Primordial Black-Hole Dark Matter and Warm Natural Inflation
Prof. Grant Mathews
Department of Physics & Astronomy
University of Notre Dame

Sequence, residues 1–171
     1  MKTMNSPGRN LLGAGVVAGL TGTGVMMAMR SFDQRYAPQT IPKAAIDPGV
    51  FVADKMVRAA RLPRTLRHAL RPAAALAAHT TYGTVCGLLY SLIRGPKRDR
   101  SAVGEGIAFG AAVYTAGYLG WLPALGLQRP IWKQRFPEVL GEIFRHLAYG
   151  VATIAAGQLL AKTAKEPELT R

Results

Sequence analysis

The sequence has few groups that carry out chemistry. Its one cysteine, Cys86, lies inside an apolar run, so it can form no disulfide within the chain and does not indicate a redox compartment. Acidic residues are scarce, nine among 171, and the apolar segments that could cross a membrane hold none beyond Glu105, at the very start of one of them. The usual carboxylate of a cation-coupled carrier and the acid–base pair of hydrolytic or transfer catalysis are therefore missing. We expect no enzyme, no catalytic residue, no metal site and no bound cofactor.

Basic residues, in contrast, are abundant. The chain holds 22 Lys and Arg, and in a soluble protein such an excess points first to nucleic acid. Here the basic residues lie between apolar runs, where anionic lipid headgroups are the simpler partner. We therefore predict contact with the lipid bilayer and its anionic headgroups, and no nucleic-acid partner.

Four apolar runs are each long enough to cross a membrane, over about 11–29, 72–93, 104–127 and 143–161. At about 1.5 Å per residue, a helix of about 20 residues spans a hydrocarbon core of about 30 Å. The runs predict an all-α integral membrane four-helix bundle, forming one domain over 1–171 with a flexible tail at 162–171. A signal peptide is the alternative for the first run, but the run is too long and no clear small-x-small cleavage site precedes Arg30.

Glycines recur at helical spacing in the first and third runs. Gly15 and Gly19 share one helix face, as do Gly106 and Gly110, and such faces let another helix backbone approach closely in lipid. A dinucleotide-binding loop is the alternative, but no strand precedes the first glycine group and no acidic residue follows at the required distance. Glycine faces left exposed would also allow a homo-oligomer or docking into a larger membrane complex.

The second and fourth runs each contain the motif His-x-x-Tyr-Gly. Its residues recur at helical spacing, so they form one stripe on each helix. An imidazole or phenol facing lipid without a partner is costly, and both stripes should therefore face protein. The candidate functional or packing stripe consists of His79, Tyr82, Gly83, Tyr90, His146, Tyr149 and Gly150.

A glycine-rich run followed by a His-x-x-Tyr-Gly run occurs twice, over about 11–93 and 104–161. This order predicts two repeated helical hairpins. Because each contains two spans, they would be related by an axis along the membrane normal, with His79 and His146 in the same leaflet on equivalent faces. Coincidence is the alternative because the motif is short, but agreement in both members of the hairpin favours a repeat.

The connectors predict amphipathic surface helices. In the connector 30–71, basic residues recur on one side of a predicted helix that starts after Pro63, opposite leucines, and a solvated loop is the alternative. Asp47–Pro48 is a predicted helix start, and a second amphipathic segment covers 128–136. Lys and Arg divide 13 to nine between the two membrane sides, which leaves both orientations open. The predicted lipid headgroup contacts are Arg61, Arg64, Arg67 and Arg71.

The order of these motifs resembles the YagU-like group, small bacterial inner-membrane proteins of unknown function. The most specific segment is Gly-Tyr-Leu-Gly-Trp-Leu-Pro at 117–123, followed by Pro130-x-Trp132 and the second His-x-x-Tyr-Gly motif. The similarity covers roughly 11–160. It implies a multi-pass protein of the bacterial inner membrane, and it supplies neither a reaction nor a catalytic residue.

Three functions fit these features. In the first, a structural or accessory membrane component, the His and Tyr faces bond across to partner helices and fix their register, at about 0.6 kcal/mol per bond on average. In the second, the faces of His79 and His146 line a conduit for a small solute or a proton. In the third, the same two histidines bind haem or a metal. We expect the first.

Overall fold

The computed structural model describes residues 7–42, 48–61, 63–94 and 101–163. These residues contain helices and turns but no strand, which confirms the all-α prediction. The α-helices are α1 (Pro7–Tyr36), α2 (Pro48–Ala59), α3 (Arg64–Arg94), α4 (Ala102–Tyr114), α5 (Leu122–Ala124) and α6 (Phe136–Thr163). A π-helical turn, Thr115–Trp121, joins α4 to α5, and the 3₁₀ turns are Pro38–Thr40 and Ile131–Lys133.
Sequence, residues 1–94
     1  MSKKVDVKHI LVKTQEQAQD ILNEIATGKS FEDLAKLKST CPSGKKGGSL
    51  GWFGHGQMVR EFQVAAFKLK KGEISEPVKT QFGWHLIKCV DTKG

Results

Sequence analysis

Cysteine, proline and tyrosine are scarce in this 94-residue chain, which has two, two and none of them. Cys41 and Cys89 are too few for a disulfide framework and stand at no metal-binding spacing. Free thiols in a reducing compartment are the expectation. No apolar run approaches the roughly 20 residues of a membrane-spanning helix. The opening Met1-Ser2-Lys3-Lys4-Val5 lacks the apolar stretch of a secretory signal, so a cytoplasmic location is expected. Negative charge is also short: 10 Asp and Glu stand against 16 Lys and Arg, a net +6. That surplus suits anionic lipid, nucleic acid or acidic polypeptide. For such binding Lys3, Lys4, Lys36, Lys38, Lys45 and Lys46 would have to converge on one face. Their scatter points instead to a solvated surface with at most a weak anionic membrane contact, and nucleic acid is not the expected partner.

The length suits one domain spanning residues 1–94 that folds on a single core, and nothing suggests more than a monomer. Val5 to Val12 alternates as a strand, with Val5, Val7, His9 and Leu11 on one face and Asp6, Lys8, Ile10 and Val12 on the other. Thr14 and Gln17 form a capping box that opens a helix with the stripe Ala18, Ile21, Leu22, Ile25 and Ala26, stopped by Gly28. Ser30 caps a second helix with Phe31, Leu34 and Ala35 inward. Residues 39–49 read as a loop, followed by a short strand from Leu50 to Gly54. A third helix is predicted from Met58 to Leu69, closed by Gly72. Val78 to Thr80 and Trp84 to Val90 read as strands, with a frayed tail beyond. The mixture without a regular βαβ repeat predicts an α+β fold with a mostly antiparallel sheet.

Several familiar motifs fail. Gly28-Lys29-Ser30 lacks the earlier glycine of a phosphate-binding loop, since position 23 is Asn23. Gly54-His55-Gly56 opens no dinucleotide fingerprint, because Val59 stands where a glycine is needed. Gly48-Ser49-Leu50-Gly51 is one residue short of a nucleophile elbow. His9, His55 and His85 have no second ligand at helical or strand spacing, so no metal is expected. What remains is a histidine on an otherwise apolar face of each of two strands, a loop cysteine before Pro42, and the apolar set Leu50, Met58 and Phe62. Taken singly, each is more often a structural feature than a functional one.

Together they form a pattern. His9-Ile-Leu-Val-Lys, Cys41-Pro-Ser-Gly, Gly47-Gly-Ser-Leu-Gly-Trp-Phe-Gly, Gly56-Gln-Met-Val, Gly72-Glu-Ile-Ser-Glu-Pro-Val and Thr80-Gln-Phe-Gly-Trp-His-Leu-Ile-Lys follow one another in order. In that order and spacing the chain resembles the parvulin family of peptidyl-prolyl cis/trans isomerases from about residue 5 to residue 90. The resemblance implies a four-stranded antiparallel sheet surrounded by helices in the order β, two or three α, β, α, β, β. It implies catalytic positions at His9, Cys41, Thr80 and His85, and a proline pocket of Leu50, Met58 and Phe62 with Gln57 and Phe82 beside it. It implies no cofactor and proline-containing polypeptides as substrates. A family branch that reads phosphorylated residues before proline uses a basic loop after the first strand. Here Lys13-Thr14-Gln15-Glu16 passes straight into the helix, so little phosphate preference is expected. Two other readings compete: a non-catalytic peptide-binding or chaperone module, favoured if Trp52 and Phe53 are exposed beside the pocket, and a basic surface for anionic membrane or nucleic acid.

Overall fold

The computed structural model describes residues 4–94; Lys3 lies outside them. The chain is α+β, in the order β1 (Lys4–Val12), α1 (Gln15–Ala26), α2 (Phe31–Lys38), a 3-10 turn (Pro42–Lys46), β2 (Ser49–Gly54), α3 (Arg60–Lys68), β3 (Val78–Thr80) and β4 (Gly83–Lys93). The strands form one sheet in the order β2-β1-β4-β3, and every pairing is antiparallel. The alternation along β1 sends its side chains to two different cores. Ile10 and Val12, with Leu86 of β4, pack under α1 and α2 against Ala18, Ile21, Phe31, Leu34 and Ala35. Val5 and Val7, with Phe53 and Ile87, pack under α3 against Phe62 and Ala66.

The prospect that the dark matter could be comprised in part or entirely of low mass primordial black holes has generated recent interest. This form of dark matter could account for the puzzling JWST observations of galaxies at high redshift and the existence of supermassive black holes shortly after the big bang. Neither of these observations are easily accounted for in current theories of cold dark matter cosmology. In this talk we describe our recent study of the warm natural inflationary (WNI) paradigm in which matter fields are generated during the early rapid expansion of the universe. We show two important new results arise in this model. One is that the observational constraints on the primordial power spectrum from the cosmic microwave background can be satisfied without going beyond the Planck scale of the effective field theory. The second is that WNI can inevitably provide perfect conditions for the production of primordial black holes (PBHs) and can account for all of the dark matter content of the universe while satisfying observational constraints. We also show that an interesting spectrum of gravitational waves can be generated by the induced spectrum of tensor fluctuation during warm natural inflation. Indeed, models that solve the dark-matter production also produce a contribution to the cosmic gravitational wave background that satisfies current constraints from pulsar timing and big bang nucleosynthesis. Indeed, there has been a recent exciting detection of a cosmic gravitational wave background. However, the cosmological gravitational wave background from WNI may be only observable in the next generation of space-based and ground-based gravitational wave interferometers.